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 Carlton Coon

Carlton Coon

Birth
Rochester, Olmsted County, Minnesota, USA
Death 4 May 1932 (aged 38–39)
Kansas City, Jackson County, Missouri, USA
Burial Kansas City, Jackson County, Missouri, USA
Memorial ID 68949265 · View Source
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The Coon Sanders Nighthawks Orchestra was formed in 1919 and was at its peak between 1926 and 1932. The Orchestra was assembled by Carlton Coon and Joe Sanders in Kansas City. Coon was born in Rochester, MN in 1893 and his family moved to Missouri shortly after his birth and eventually moved to Kansas City while he was an infant. Sanders was born in Kansas in 1896. Sanders was known as "The Old Left Hander" because of his skills at baseball. He gave this up in the early twenties to make dance music his career.
The Orchestra was a pioneer in broadcasting their music over WDAF Radio from the Muehlbach Hotel at 1213 Wyandotte Street in Kansas City, Missouri. The broadcasts were in the early morning and the Nighthawks Club was formed for the great music being broadcast. Fans were encouraged to send in requests for songs by letter, telephone or telegram. That move became so popular that Western Union set up a ticket tape between Sanders' piano and Coon's drums so the telegrams could be acknowledged during the broadcasts. The group left Kansas City for the first time in 1924 for a three month engagement in Chicago. They moved into the Blackhawk Hotel. The members of the Orchestra at that time were Joe Richolson and Bob Pope, trumpets; Rex Downing, trombone; Harold Thiell, Joe Thiell and Floyd Estep, saxophone; Joe Sanders, piano; Russ Stout, banjo and guitar; "Pop" Estep tuba; Carlton Coon, drums. In the following years, the Nighthawks performmed at the Blackhawk every winter, broadcasting over the powerful WGN Radio station. Their reputation spread from coast to coast through the broadcasts and many records that they made for Victor. They undertook very successful road tours.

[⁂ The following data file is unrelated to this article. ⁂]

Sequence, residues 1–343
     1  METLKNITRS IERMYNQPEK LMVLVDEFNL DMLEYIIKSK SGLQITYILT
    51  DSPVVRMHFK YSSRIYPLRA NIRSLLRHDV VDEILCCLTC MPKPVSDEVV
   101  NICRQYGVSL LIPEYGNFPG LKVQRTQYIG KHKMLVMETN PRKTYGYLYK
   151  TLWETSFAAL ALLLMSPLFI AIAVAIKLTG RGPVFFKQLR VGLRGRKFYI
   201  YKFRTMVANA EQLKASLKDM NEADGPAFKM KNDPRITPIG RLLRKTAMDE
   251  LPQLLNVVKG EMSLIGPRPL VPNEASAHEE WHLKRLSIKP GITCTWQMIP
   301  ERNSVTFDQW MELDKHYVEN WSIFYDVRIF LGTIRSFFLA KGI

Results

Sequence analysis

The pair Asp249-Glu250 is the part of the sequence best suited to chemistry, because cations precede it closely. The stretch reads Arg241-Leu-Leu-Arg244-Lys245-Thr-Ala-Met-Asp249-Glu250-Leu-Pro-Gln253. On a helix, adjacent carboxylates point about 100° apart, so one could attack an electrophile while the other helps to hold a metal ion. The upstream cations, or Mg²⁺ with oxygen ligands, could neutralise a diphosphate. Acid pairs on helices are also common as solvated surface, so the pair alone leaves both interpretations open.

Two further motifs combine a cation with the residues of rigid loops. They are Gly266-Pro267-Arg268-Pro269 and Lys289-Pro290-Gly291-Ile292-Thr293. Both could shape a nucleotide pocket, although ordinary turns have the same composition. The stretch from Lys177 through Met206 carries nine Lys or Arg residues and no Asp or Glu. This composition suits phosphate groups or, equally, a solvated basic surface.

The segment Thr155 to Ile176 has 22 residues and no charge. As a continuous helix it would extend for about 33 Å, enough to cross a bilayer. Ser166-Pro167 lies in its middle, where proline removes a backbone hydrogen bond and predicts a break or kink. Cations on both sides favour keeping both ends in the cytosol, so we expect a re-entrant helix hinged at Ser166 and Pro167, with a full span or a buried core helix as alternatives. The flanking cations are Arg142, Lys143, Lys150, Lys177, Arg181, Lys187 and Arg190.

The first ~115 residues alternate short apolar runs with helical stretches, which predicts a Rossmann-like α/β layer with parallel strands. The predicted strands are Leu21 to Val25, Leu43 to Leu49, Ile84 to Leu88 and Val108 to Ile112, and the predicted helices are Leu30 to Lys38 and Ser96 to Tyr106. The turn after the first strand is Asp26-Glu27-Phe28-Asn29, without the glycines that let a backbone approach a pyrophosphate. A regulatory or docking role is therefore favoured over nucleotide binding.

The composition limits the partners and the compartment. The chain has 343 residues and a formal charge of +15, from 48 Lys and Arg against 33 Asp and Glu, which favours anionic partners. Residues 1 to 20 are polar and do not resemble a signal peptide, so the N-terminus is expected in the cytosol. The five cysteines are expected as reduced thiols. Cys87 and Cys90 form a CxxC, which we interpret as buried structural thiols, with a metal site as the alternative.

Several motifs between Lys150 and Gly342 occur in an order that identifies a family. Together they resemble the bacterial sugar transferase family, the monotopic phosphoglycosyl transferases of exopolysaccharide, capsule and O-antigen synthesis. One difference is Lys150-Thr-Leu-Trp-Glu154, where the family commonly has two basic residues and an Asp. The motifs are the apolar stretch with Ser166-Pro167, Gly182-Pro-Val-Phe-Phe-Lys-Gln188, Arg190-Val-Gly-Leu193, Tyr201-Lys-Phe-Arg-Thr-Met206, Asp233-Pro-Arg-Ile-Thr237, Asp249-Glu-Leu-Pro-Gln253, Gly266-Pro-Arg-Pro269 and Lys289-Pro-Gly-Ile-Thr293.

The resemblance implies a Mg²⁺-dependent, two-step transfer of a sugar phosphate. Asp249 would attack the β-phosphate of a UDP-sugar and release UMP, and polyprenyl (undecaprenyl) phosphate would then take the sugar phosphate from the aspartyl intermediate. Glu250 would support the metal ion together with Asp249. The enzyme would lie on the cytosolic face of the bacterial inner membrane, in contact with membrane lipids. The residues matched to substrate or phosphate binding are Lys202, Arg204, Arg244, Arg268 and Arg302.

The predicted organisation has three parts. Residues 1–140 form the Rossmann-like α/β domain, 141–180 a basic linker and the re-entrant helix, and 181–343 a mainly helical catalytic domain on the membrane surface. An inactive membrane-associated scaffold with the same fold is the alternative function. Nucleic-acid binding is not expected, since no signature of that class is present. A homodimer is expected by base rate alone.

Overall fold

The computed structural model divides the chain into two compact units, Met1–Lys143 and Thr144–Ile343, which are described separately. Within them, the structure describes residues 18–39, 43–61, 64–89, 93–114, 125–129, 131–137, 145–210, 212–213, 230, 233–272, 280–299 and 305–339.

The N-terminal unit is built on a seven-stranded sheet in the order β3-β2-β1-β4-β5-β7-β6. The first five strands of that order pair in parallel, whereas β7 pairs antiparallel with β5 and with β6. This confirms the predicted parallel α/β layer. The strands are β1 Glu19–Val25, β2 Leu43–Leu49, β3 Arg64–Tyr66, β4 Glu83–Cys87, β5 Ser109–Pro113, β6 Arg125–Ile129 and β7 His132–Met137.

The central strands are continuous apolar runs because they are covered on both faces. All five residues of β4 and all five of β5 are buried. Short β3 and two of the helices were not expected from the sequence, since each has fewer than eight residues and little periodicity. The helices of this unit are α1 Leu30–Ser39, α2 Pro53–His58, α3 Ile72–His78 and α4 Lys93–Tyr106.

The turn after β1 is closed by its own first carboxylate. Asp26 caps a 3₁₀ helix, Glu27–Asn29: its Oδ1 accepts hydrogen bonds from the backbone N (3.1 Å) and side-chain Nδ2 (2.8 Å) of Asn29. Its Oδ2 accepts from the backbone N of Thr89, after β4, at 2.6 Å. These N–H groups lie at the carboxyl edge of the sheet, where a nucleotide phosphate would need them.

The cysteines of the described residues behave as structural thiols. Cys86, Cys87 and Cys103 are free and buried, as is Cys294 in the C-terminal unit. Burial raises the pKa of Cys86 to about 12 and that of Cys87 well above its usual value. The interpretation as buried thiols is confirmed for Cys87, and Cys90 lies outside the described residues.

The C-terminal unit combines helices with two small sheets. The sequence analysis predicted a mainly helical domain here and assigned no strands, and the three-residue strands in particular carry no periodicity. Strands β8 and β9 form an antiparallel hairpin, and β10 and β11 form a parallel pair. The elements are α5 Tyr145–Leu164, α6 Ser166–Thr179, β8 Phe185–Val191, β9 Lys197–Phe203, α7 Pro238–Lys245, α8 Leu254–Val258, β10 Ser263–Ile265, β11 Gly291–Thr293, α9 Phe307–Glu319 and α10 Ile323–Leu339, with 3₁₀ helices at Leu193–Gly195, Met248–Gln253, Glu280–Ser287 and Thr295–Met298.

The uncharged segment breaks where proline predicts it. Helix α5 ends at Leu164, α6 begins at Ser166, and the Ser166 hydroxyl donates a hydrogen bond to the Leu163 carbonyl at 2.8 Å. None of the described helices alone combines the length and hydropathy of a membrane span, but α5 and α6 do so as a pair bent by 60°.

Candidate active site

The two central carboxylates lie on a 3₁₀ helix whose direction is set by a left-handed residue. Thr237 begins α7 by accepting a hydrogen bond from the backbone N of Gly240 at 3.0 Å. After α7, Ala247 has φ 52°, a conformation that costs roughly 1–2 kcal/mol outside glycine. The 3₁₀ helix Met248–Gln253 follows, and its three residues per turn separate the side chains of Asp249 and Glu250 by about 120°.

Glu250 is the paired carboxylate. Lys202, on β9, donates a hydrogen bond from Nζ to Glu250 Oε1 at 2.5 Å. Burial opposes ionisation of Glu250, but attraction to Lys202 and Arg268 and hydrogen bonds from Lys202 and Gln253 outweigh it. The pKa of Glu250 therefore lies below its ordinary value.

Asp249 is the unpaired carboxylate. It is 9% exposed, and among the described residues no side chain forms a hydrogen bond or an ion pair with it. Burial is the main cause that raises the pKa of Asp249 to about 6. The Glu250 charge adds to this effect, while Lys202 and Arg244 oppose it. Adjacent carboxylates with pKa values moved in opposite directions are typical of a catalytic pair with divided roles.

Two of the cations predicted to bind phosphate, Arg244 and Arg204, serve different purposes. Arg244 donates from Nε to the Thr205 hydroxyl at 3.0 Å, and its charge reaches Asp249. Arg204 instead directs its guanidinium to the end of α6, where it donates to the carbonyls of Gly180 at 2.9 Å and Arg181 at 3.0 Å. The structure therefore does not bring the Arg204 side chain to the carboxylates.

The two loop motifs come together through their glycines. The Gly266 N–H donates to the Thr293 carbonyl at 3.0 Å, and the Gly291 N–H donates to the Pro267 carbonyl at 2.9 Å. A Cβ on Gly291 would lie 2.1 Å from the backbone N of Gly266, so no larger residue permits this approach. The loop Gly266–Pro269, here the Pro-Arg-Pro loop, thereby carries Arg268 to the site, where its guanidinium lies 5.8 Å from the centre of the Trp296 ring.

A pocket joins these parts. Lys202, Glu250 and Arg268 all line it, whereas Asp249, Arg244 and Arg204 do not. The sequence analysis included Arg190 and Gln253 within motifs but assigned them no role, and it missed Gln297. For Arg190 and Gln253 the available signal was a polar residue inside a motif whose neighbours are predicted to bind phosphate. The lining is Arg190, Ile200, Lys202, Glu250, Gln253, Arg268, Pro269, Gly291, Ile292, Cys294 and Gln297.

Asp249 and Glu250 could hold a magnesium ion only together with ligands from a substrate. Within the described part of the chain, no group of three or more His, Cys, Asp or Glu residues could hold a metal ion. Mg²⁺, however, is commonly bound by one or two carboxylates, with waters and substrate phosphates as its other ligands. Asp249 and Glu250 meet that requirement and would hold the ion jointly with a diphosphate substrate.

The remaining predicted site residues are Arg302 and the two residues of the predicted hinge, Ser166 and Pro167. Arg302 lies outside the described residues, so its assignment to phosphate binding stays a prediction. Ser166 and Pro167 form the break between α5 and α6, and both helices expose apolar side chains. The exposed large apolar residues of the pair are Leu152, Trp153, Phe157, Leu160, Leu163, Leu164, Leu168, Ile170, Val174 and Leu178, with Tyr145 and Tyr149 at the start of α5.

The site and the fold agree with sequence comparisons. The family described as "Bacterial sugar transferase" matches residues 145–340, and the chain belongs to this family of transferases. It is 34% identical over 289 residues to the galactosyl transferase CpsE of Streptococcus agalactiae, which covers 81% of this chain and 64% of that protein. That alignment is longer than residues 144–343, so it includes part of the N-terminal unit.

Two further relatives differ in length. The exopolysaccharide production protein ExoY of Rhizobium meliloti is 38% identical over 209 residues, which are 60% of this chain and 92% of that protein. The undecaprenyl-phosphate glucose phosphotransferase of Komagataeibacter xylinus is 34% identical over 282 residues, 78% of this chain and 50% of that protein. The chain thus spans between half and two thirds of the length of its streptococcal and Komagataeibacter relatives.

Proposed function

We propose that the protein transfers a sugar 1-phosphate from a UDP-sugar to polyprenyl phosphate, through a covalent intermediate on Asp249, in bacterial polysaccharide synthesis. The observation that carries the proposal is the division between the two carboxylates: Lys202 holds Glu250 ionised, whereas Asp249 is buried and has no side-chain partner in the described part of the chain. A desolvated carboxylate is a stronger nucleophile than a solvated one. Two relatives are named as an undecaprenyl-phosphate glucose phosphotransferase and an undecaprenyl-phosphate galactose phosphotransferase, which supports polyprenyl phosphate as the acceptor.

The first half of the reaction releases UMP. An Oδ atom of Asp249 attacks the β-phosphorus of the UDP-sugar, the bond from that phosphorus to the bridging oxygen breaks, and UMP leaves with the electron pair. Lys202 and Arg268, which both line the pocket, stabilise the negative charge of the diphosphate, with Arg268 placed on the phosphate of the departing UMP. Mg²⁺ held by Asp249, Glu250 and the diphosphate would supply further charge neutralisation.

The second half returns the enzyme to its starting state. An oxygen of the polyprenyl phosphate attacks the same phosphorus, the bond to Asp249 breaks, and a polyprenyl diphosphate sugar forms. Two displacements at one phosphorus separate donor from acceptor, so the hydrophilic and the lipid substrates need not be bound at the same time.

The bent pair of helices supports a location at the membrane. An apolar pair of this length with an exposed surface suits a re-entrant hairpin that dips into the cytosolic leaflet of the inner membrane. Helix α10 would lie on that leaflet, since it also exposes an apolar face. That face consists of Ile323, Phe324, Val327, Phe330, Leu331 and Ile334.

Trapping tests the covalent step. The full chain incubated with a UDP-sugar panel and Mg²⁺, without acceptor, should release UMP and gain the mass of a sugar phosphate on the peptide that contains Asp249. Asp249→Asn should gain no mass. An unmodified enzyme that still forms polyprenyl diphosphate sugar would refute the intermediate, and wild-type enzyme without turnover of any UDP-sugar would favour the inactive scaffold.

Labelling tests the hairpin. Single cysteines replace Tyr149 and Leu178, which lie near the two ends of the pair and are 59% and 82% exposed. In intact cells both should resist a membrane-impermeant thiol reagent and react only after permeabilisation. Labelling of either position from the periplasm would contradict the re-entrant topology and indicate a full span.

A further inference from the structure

At their peak, each member of the Orchestra owned indentical Cord automobiles, each in a different color with the name of the Orchestra and the owner embossed on the rear. The Orchestra's popularity showed no signs of abating and their contract with MCA had another fifteen years to run in the spring of 1932 when disaster struck. Carlton Coon came down with a jaw infection and, on May 4,1932 at 38 years of age he passed away.
Joe Sanders attempted to keep the organization going, however, without Coon, the public did not support them. In 1935, he formed his own group and played until the early '40s when he became a part time orchestra leader and studio musician. In his latter years he suffered fron failing eyesight and other health problems. He passed away in 1965 after suffering a stroke. Some of the Nighthawk's most popular hits were Wabash Blues, After You've Gone, Alone In The Rain, Alone At Last, Hotsey Totsey, Stay Out Of The South, and the ever popular, Here Comes My Ball and Chain. Bio complements RED HOT JAZZ.


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  • Created by: Gary & Nancy Glenn Clampitt
  • Added: 26 Apr 2011
  • Find A Grave Memorial 68949265
  • Find A Grave, database and images (https://www.findagrave.com : accessed ), memorial page for Carlton Coon (1893–4 May 1932), Find A Grave Memorial no. 68949265, citing Mount Moriah Cemetery, Kansas City, Jackson County, Missouri, USA ; Maintained by Gary & Nancy Glenn Clampitt (contributor 47164411) .